Saturday, June 30, 2012

Cultural Competency Guidelines

Comparison and Contrast between Guidelines


The American Psychological Association (APA) offers guidelines pertaining to cultural competence within the psychological professions. The American Counseling Association (ACA) provides a set of ethical codes for the specialization of mental health counseling. Both precepts address cultural awareness in clinical settings, although the ACA (2005) codes are more explicit in defining and describing various dimensions of cultural awareness in the therapeutic alliance. Both guidelines detail the need for cultural sensitivity when diagnosing a mental disorder, in choosing appropriate psychometric evaluations, and understanding the limitations of standardized assessments. Additionally, they encourage the recognition of the affects of diversity on any device or intervention normed on populations other than the client's.

Both guidelines describe the importance of maintaining a non-judgmental worldview and an understanding of non-western and non-traditional, culturally-specific techniques and interventions (APA, 2002). Both intend to advise and develop cultural sensitivity in the psychological professions. They convey the importance of working competently with diverse client populations and maintaining an awareness of the wide range of underlying cultural beliefs and values (Solomon, Greenberg, & Pyszczynski, 1991). Both understand the continuing evolution of cultural awareness in psychology and that guidelines such as these are not exhaustive and must change when appropriate (APA, 2002).


Perhaps the most obvious difference between the ACA (2005) and the APA (2002) guidelines is the former's contracted focus on the specifics surrounding the therapeutic alliance and the latter's concentration on cultural awareness in a broader range of professional psychological interactions. The APA (2002) guidelines are, however, a descriptive, scholarly guide, supported by an abundance of empirical research, and a critical benefit to those seeking guidance toward cultural competence. One significant difference is the ACA's (2005) direction in counselor education and supervision as it pertains to cultural competence. Although the APA (2002) addresses the need for cultural competence in education, the ACA more directly informs these fundamental issues in mental health counseling. Since the counseling profession focuses on the therapeutic alliance, it is appropriate the ACA (2005) guidelines address the specific needs of counselors. Furthermore, it is befitting that the APA (2002) guidelines represent the wider and more diverse range of psychological specialties embraced by the association.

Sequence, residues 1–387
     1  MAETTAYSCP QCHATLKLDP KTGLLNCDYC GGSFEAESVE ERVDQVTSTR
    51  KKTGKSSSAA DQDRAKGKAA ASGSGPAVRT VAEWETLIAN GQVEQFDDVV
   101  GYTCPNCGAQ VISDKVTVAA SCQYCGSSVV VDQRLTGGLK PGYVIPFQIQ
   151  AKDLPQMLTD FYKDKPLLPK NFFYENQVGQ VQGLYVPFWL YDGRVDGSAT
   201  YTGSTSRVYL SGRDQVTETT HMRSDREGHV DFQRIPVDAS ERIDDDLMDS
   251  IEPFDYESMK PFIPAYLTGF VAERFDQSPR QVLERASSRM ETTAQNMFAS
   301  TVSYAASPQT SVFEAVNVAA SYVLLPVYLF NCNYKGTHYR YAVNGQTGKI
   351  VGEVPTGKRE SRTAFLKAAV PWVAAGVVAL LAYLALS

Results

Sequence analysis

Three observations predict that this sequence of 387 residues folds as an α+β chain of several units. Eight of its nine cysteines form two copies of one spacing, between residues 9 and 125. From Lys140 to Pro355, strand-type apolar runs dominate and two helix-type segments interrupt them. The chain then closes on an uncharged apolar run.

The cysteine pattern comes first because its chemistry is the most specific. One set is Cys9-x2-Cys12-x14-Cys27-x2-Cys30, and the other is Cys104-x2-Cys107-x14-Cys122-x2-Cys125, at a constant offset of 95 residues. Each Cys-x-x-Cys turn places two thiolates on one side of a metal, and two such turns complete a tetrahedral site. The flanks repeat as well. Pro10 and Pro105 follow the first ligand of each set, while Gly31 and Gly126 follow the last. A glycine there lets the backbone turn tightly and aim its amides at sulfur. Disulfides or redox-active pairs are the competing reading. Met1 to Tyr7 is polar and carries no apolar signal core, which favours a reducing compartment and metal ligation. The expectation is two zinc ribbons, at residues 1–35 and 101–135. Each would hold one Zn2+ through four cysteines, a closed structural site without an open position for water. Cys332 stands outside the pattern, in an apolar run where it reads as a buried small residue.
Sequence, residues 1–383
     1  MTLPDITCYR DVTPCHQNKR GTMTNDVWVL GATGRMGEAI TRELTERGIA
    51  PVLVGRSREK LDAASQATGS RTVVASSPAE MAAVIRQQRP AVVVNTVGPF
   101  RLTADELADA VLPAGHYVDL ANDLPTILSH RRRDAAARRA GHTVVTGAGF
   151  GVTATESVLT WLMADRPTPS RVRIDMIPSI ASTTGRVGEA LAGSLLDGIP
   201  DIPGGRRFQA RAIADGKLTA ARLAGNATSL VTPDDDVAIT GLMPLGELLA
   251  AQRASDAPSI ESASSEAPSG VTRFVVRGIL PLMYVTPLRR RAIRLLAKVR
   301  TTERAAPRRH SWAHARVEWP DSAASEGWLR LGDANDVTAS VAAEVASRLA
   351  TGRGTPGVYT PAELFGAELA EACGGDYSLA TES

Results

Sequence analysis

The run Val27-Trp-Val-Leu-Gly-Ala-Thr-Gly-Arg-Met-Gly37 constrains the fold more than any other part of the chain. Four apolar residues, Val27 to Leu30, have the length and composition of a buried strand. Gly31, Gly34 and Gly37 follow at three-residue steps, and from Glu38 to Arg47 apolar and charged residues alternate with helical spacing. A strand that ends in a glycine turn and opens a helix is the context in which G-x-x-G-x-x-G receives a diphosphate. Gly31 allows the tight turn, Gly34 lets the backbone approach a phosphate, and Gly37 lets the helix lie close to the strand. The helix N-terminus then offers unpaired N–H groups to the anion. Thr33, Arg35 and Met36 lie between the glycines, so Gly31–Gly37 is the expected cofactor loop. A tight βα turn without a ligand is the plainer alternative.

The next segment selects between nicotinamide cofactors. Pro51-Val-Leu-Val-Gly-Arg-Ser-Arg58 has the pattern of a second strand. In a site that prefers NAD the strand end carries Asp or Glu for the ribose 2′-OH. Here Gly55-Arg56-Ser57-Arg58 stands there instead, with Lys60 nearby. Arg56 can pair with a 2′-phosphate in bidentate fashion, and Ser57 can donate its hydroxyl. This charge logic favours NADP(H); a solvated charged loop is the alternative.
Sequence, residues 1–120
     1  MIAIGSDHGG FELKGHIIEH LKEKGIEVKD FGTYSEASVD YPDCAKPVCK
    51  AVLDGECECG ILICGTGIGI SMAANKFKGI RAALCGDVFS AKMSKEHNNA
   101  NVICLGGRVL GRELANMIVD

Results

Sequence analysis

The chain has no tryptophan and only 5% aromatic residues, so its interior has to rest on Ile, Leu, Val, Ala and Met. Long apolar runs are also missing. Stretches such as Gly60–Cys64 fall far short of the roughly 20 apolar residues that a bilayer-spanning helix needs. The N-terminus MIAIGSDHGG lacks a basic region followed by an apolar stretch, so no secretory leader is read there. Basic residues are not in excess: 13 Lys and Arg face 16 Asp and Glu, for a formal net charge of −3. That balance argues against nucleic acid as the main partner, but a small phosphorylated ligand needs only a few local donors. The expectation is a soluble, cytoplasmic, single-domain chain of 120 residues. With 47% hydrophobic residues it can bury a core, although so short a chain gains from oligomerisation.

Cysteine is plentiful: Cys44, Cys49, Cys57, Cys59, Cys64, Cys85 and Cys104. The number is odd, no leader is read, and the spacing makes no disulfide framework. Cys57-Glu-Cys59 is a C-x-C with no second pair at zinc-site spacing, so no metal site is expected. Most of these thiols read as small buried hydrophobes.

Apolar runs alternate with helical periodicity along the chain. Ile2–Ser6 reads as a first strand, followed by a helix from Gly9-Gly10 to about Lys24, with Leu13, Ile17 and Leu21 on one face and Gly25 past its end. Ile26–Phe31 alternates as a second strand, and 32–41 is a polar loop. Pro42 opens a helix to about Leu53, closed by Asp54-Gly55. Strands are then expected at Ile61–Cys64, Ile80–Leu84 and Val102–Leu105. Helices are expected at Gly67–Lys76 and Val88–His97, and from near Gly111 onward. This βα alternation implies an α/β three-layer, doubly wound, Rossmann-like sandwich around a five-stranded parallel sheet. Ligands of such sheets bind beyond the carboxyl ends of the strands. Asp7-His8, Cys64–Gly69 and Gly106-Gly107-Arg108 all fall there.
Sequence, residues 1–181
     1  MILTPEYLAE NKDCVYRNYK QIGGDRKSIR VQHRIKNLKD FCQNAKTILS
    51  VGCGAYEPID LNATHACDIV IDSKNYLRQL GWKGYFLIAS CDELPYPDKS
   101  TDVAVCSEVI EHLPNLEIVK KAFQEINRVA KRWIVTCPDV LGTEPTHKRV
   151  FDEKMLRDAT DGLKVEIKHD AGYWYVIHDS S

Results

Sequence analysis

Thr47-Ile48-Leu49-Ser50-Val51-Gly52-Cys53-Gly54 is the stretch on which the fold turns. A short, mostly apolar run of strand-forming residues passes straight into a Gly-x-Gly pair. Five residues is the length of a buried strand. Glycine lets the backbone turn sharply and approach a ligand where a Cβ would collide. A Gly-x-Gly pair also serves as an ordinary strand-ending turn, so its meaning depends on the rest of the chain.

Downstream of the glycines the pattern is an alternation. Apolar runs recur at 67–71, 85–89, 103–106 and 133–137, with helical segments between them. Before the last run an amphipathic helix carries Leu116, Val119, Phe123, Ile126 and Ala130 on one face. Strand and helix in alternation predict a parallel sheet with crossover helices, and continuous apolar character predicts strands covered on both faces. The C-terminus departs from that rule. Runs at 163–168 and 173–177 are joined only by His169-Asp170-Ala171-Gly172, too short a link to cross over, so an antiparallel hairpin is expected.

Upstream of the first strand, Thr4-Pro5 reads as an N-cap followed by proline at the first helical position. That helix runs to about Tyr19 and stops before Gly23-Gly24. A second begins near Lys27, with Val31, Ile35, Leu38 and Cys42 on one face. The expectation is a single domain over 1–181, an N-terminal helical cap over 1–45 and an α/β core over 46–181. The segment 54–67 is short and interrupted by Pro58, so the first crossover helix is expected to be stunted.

Guidelines with Personal Resonance

Personally, the APA (2002) guidelines provide a far more definitive range of the culture- specific needs of psychological services. It is scholarly in its scope and the information provided is empirically derived. However, for the focal purpose of mental health counseling, the ACA (2005) guidelines provide a specialized focus on the affects and repercussions of cultural contexts within the therapeutic alliance. Considering my ultimate goal of working as a counseling psychologist, I find the APA (2002) guidelines far more informative of the nature and level of cultural competence required of psychological professionals. That said, the ACA (2005) ethical codes are descriptive and counseling-specific, and will guide the actions of my immediate goal in mental health counseling. For counselors, the ACA (2005) codes are essential for practice, whereas the APA (2002) guidelines can be used as secondary, albeit precise and critical, instruction.

American Counseling Association (ACA). (2005). 2005 ACA code of ethics [White Paper]. Retrieved from the ACA website: f98489937dda

American Psychological Association. (APA) (2002). Guidelines on Multicultural Education, Training, Research, Practice, and Organizational Change for Psychologists. American Psychological Association (APA). Retrieved June 17, 2012, from

Solomon, S., Greenberg, J., & Pyszczynski, T. (1991). Advances in experimental social psychology. San Diego: Academic Press.

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